Issue Number: 94
Home is where the art is
Fiona Maddocks meets Jim Cadbury-Brown RA and discovers how the pioneering architect’s Suffolk home reflects his modernist principles.
H. T. Cadbury-Brown RA Photograph Eamonn McCabe.
Anyone who has sat in the warmly austere library of Burlington House or marvelled at the compressed ingenuity of the Print Room will know how elegant modernism can be. Both are the work of H.T. ‘Jim’ Cadbury-Brown, and a visit to his East Anglian home shows that, unlike many successful architects, he lives what he preaches. First, he shows me the long, one-storey building’s emblematic secret.
‘This,’ he says, whisking back a curtain as if about to reveal a bearded lady, ‘is what I call the hell-hole.’ We peer into a dark space: a washing-machine, the boiler and various essential utilities are hidden from view, so as not to clutter the simple lines and spaces of this modernist gem of a house, built by Cadbury-Brown for himself and his wife, Betty, in the early 1960s. ‘It’s all about enabling the space to flow,’ explains Cadbury-Brown, summing up one of the great tenets of modernist architecture. He illustrates his point by itemising the floor-to-ceiling doors, the absence of architrave or skirting-board, the way furniture is placed away from, rather than against, the walls. Pools of light, deflected through triangular skylights, give a feeling of luminosity throughout, which is further emphasised by huge plate-glass windows and strategically placed mirrors.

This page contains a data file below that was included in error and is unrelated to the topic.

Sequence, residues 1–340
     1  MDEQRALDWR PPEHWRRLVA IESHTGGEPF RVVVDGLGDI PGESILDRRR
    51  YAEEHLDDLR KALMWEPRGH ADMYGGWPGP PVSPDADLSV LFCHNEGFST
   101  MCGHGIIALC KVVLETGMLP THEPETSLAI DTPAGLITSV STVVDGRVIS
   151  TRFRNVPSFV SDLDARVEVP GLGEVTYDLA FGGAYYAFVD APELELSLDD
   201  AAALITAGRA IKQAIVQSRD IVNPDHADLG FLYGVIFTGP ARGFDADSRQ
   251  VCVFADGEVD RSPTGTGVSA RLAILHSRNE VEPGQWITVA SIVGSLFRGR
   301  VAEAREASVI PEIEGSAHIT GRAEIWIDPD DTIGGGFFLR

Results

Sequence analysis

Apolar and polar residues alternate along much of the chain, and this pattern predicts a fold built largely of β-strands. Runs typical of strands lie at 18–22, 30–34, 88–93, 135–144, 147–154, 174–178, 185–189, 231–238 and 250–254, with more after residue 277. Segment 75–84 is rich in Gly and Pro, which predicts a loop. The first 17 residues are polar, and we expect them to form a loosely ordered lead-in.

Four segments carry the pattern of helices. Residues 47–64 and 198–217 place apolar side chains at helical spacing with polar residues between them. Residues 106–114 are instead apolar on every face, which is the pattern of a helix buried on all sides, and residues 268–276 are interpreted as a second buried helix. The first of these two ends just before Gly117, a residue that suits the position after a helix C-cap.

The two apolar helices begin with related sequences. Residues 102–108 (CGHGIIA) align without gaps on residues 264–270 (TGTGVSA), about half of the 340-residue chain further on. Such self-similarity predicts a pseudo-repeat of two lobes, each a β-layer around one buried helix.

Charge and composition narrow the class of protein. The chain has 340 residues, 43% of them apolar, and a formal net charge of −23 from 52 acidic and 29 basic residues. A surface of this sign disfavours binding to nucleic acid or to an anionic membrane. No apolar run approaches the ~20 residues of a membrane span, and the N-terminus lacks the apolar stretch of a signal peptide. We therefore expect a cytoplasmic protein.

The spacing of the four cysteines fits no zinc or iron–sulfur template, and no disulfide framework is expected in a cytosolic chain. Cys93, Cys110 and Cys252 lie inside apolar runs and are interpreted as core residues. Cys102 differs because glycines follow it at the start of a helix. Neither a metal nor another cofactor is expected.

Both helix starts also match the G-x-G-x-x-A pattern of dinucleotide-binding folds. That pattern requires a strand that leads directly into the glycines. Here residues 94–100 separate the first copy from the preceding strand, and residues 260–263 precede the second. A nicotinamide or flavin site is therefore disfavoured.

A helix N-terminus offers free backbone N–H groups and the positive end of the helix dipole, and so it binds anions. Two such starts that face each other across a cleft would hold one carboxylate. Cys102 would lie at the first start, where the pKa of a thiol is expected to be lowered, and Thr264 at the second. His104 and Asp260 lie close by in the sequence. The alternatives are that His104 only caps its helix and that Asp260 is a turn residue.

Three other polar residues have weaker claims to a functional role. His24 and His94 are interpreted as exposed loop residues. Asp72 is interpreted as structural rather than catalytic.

Cadbury-Brown’s iconoclastic home, situated near the Suffolk seaside town of Aldeburgh and completed in 1964, is built on a site that was originally set aside for an opera house by his friend and neighbour, Benjamin Britten. ‘When the opera house didn’t happen, I looked at the site and could see that with a one-storey house to one end of it, with garden all around, it could work well…’ he explains.
Soon after completing his own house, and provoking some opposition from locals in the process, Cadbury-Brown designed another, smaller, home, for Britten’s colleague, the composer and conductor Imogen Holst. ‘I sold part of the garden to Imo for £100, then designed the house. Hers is a one-person house, ours is a two-person one!’
Spurning family expectation – his father wanted him to be a naval officer, but he says, ‘I couldn’t tell port from starboard’ – Cadbury-Brown trained at the Architectural Association, thinking he would become, in his own words, ‘a gentleman architect’. With his swept-back silver hair, quilted jacket and effortless, squire-like elegance, he hardly seems an obvious radical. Yet even in his teens, Cadbury-Brown was smitten by the political and social aesthetic of the new architecture.
‘We had a family friend who’d built a couple of houses, worked on stable-blocks for big country houses and spent the summer fishing. It seemed a nice life,’ he recalls. ‘I went to work with him for three days. But then I took the roof off a house and that didn’t go down well.’ Took off the roof? ‘Yes, so it could be flat! I’d already come across Le Corbusier.’